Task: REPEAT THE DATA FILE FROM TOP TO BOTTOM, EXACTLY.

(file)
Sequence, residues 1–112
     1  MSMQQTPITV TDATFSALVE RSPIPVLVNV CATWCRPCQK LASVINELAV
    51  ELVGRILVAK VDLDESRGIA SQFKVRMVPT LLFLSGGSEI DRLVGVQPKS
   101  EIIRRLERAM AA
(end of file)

Sequence, residues 1–112
     1  MSMQQTPITV TDATFSALVE RSPIPVLVNV CATWCRPCQK LASVINELAV
    51  ELVGRILVAK VDLDESRGIA SQFKVRMVPT LLFLSGGSEI DRLVGVQPKS
   101  EIIRRLERAM AA